Jay Neugeboren Recommends...

“My scoreboard is my muse. When I was starting out—unpublished—and sending my stories and novels far and wide, I kept a list taped to the wall next to my desk, so I could keep track of what was where and when I’d made the submission. One day, while typing out a new list—rejections and cross-outs had made the list illegible—I hit the tab bar on my old Underwood, and typed in odds—5000–1—that this particular story would be accepted by the magazine I was sending it to. I did the same with the rest of the list. At the bottom of the page, I put in a Best Bet, Long Shot, Sleeper, Daily Double, and Hopeful. I also kept a running count: Them vs. Us. (By the time I sold my first short story, I’d notched 576 rejections; by the time I sold my first book, over 2,000.) The odds generally related more to my state of mind—optimistic, despairing—than to realities of the publishing world, and shrewd bettors could have cleaned up on a few long shots along the way. I still keep a scoreboard next to my desk, update it regularly, and whenever the writing, or the spirit, flags, I look at it, consider the odds—sometimes alter the odds—and this keeps me going, reminds me that the only real way to win is to keep writing.”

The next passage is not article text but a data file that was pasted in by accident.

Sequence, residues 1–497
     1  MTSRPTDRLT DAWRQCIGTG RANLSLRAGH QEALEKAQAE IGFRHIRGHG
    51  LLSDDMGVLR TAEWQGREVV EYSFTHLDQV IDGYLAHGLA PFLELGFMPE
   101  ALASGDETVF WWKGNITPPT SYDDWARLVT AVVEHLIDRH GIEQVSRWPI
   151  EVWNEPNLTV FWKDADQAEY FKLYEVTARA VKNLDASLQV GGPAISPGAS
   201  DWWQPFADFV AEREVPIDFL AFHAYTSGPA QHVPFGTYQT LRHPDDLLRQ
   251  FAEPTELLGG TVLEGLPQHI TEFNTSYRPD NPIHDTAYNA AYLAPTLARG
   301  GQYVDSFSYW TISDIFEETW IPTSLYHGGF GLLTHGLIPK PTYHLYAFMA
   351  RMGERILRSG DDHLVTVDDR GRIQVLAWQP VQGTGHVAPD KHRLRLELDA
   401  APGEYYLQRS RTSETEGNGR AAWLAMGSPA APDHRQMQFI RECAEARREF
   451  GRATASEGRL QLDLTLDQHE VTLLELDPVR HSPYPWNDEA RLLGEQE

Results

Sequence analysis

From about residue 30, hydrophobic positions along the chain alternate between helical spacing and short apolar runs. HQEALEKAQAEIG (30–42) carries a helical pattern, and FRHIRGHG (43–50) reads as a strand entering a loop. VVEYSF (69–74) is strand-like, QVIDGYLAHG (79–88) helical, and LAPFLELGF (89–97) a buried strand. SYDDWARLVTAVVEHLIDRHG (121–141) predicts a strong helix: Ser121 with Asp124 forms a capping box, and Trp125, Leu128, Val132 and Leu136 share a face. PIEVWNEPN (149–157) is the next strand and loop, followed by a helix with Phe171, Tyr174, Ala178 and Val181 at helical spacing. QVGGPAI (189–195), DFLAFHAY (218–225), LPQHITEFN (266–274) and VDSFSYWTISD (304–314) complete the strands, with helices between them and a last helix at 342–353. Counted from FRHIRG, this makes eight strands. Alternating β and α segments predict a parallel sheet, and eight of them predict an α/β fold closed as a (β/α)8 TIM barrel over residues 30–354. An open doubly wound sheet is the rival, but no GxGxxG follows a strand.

Jay Neugeboren, author of You Are My Heart (Two Dollar Radio, 2011).

Photo credit: Michael B. Friedman


the way to win

I totally agree. I live in Tanzania and stopped bothering submitting because the mail service is so unreliable. Lately I have noticed journals accepting email submissions, but now I'm just working on novels. Also, keeping track of all that is not my forte, I did try, but I'm just not good at it. When I've got something to send out, I'll jump back in, however. The main thing, to me, is to keep writing. If I do my best work, I'm satisfied. I like to remind myself that the budget for the film in my mind is unlimited.